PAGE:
So I guess now that the rights are no longer held by the Gondas, the show can flourish in London as well as on tour (Vicki Clark, are you reading? OK, probably not). It was a shame to see this show fold early, as it was my personal favorite of the 2006-07 season. The score is the best on Broadway since Piazza. The lyrics are outrageously brilliant. The assonance, the diction, the structure and rhyme schemes run the gamut of Cole Porter-Irving Berlin wit in the first act to the sophistication of Sondheim in the second. The care and craft that built this score is beyond mere words I place here in this space. If you look at it, its really a two-hander; each act is its own musical, but together as one emotionally turbulent and ultimately compelling evening.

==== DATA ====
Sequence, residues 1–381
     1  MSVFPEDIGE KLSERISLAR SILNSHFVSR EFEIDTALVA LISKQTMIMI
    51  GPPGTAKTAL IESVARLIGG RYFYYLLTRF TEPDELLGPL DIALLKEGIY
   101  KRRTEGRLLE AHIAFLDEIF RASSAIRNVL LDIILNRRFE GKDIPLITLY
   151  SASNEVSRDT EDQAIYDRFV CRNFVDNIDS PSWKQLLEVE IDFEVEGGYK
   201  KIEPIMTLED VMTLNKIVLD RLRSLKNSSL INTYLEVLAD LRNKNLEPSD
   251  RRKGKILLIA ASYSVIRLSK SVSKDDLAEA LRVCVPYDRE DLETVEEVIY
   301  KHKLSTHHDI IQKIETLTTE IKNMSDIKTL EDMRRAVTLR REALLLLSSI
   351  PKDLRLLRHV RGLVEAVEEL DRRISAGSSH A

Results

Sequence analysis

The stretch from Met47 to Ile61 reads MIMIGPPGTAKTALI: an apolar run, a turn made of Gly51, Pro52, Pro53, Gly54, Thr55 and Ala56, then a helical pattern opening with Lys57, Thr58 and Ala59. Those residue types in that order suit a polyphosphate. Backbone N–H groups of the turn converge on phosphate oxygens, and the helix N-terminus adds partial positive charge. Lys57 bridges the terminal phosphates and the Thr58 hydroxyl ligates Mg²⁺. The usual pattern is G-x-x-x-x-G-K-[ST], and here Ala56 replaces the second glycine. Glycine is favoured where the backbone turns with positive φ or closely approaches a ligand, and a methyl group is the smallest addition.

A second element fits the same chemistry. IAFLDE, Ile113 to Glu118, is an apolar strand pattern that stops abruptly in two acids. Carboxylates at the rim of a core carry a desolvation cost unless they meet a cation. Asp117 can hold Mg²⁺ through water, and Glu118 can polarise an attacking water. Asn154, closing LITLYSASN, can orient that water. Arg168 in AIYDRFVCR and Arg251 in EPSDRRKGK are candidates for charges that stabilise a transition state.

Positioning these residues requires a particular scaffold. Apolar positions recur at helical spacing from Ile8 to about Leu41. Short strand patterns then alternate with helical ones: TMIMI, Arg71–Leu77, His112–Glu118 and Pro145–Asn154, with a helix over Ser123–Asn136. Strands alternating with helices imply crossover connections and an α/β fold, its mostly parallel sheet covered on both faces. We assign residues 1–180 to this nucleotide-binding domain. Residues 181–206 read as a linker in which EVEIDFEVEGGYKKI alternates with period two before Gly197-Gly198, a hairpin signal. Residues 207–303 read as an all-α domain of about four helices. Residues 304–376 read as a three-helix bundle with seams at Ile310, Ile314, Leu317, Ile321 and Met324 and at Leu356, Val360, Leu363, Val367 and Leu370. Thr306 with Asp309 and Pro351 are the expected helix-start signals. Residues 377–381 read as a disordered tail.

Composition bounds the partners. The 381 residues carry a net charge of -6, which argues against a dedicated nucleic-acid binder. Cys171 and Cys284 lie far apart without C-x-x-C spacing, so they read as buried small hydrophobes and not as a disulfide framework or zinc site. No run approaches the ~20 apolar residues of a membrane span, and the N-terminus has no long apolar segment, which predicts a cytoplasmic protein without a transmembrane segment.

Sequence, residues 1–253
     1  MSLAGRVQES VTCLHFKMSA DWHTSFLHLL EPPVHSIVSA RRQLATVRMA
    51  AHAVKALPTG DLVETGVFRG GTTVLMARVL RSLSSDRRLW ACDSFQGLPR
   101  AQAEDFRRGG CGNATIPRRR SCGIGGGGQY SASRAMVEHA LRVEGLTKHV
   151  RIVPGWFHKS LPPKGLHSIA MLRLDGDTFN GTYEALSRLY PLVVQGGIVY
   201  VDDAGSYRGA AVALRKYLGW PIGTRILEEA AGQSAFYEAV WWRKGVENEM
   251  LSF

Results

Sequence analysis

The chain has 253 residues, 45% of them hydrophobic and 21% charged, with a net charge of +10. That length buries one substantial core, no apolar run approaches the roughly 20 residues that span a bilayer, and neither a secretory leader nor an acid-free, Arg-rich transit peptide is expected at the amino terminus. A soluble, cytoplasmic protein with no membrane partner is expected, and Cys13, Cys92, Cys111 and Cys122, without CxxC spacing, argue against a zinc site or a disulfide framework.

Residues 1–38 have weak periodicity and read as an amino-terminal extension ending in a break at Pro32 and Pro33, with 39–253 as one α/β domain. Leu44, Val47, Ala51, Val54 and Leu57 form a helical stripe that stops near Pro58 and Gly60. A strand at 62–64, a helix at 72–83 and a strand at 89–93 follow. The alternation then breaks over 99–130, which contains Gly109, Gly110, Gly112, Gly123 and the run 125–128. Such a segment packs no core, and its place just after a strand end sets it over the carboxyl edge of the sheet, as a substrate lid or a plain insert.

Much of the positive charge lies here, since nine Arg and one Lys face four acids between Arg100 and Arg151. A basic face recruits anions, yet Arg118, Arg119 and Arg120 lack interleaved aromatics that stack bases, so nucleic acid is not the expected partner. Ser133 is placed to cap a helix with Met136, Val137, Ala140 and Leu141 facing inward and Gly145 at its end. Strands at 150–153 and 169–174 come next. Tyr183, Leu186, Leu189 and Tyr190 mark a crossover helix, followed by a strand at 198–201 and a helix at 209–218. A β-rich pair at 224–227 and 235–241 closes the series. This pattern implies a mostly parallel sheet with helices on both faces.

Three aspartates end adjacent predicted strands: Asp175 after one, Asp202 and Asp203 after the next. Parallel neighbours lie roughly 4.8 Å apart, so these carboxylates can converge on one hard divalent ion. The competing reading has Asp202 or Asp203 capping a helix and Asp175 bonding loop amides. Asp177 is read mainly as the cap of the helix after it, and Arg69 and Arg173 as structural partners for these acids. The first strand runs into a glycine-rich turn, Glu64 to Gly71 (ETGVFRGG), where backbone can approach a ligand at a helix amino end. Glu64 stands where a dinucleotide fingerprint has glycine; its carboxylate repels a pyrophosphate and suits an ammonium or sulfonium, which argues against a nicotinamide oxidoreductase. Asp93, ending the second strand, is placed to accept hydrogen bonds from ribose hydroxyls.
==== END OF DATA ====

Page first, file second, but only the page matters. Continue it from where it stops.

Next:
The first act is fictionalized look at the Beale backstory, trying to give the audience some insight into these two eccentric women and how they ended up in the delapidation documented in the Maysles’ film. Taking cues from the musical icons of the era, we have a lovely pastiche score. “The Five-Fifteen” is one of the greatest opening numbers I’ve heard in years. Particularly it’s insanely catchy vamp (as part of the exit music, I left the theatre humming the rideout). The first act plays out like a Philip Barry dramedy set to music. While not as satisfying as the second act, it’s a clever and inventive way to give the film portion of the musical some context. I can’t imagine many people have seen the brilliant documentary, so it’s necessary for us to learn more about these two ladies than the mere fact that they are Jackie Onassis’ cousin and aunt. Also, in an age when musicals based on films are mere retreads of the films + songs, it was refreshing to see the creative team step back and try something different. (This is, also, the first time a documentary has ever been made into a musical).